Prayer discount dropped by North Carolina restaurant

Students enrolled in cooking school online who intend to open a restaurant might take interest in a recent development out of Winston-Salem, North Carolina. Mary’s Gourmet Diner, a restaurant local to the area that features traditional American fare, has recently decided to drop a 15 percent discount. They’d been offering the savings to parties who publicly prayed in their establishment, citing threats of a lawsuit made by dissenting parties.

The discount first came to light in the mainstream news via a posting on social media. Z88.3, a Christian radio station based in Florida, posted a picture of a receipt from the North Carolina restaurant that had been posted on a listeners’ Facebook page. The image of the receipt showed a line in the itemized charges that read “-15% Praying in Public.” Z88 posted the image out of approval for the gesture, but widespread reaction to the discount was much more varied.

In several days the photo had received over 5,000 shares across multiple social media platforms, predominantly Facebook. While drawing praise from some encouraging prayer before meals, many reacted quite negatively, citing the discount as an unfair form of discrimination. The restaurant, in response, posted a message on its Facebook page on August 1, elucidating their rationale for the discount.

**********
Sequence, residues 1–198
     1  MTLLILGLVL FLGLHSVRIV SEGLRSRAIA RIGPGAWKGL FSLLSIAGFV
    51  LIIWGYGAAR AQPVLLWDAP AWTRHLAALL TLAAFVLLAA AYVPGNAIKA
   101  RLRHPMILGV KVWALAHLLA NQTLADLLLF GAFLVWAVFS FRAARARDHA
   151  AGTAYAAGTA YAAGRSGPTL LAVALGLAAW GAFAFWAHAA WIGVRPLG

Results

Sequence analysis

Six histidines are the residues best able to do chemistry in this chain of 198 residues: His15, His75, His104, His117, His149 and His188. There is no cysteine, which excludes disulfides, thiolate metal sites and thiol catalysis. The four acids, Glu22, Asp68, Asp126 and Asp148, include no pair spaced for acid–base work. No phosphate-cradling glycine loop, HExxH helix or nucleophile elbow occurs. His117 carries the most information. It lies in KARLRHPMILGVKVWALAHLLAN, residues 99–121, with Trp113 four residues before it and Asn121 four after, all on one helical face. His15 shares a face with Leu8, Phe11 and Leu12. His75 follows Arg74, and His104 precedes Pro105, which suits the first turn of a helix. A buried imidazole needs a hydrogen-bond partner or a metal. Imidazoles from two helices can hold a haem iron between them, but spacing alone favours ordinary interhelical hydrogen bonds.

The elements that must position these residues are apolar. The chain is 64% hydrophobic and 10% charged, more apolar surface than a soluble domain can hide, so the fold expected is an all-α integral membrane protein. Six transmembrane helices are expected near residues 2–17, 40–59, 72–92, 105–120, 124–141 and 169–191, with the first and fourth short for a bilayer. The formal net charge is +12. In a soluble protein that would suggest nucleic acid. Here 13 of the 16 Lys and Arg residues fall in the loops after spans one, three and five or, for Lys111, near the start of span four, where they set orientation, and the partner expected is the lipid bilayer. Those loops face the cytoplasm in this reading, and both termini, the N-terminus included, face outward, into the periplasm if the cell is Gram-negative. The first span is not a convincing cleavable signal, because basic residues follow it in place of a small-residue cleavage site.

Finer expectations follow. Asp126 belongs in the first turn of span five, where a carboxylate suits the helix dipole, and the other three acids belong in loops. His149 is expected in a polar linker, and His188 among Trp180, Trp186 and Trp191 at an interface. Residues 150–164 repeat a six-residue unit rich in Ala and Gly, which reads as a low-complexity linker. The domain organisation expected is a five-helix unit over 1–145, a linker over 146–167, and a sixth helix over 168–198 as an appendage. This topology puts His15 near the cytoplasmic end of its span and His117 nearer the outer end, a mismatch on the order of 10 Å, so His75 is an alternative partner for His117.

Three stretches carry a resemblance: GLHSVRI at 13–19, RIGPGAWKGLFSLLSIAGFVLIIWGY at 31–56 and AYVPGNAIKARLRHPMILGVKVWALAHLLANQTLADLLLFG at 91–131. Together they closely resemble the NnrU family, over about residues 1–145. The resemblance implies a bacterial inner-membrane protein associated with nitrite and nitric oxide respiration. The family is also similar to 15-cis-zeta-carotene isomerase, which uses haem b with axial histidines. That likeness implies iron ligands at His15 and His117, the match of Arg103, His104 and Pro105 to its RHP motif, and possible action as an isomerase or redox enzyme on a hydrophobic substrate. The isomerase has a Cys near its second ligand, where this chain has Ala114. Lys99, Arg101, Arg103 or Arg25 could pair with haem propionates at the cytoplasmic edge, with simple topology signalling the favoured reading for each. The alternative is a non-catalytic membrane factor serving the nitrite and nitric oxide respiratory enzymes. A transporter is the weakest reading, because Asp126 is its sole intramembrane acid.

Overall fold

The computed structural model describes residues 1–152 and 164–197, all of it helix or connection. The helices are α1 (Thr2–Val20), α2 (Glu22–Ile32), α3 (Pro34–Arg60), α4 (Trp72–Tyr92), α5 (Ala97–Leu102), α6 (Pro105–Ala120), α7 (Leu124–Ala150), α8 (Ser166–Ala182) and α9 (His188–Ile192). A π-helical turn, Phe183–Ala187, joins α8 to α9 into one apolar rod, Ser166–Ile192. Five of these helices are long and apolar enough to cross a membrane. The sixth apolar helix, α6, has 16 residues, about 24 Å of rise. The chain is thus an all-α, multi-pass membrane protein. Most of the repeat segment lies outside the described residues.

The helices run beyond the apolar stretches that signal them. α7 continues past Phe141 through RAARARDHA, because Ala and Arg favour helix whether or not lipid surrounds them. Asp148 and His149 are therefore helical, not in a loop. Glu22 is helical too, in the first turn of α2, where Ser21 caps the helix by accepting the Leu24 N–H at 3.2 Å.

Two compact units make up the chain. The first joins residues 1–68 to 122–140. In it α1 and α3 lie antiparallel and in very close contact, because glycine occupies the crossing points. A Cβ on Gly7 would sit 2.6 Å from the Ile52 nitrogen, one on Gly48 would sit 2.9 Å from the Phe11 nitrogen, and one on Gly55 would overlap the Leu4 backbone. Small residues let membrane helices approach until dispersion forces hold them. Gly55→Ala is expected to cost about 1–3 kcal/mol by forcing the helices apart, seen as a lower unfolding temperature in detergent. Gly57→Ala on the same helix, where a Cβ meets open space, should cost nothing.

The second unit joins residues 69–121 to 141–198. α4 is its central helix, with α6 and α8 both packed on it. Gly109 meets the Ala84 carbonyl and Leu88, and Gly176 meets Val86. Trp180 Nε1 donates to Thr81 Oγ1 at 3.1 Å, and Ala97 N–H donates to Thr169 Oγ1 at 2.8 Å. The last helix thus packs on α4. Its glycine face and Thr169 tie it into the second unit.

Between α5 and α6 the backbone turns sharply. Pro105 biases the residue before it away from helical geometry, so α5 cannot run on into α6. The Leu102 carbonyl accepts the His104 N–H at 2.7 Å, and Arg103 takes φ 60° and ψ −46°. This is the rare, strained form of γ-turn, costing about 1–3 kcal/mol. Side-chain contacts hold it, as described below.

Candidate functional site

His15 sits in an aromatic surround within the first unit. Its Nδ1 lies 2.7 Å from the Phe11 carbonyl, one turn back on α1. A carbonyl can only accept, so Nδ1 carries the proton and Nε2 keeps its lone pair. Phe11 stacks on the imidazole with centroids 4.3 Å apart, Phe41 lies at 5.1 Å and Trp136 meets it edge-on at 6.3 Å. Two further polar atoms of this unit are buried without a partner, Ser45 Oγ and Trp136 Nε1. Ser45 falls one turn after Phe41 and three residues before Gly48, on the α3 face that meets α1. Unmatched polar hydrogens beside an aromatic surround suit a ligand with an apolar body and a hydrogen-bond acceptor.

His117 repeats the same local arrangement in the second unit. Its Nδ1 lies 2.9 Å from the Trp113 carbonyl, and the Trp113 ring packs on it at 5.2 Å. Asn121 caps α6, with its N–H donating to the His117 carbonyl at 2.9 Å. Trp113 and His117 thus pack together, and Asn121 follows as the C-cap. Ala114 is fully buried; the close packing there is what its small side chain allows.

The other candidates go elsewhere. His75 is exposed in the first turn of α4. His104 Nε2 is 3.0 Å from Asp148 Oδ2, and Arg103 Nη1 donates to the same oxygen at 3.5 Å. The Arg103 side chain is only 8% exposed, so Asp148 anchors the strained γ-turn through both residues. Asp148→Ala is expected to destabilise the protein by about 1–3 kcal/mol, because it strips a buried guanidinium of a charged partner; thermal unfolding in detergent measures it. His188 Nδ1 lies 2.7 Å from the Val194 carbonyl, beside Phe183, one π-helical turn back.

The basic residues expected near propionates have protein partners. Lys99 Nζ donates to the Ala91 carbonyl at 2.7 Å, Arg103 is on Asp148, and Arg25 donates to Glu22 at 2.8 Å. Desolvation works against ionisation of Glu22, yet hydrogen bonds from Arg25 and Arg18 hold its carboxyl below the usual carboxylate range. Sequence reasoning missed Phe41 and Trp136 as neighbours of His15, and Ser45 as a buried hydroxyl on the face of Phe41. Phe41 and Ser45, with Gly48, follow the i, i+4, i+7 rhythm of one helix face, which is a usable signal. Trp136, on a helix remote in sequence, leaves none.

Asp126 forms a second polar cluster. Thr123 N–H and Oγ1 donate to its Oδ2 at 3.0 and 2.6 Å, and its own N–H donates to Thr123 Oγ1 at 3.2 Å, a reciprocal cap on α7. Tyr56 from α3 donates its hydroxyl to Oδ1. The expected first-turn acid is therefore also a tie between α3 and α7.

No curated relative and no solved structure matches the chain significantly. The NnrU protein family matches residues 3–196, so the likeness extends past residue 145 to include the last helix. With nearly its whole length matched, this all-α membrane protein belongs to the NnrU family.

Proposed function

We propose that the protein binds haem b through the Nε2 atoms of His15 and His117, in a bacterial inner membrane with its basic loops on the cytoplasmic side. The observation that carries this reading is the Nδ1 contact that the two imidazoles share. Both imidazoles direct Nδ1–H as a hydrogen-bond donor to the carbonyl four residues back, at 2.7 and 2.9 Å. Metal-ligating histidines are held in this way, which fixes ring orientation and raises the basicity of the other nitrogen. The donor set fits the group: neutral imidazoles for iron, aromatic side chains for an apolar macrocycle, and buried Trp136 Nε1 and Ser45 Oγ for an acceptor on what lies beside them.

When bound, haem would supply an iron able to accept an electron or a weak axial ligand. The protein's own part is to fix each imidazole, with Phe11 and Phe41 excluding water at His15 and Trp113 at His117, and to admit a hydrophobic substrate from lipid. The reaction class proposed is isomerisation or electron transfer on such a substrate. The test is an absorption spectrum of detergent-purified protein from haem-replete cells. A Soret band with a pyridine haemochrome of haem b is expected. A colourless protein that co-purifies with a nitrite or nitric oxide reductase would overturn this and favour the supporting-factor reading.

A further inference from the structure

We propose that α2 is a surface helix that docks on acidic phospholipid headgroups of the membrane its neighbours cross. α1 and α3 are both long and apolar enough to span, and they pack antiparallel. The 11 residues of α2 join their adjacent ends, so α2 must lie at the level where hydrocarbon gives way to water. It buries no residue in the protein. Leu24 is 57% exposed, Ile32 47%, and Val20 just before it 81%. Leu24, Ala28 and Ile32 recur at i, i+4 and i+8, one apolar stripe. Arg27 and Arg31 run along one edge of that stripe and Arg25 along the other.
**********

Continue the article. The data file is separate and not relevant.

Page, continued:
“There’s a lot of craziness going on in regard to the 15% discount…,” the message read. “…I will say that it is not a ‘policy’, it’s a gift we give at random to customers who take a moment before their meal. Who you talk to or meditate on etc. is your business.”

Still, after receiving written disapproval from groups such as the Madison, Wisconsin-based Freedom From Religion Institute citing violations of the Civil Rights Act, as well as threats of a lawsuit, Mary’s Gourmet Diner removed the discount.

The case poses an interesting question for those who hope to enter the restaurant industry. Does owning an establishment give you the right to alter service or offer special treatment to certain demographics? Considering the case at Mary’s, it may be better not to find out.

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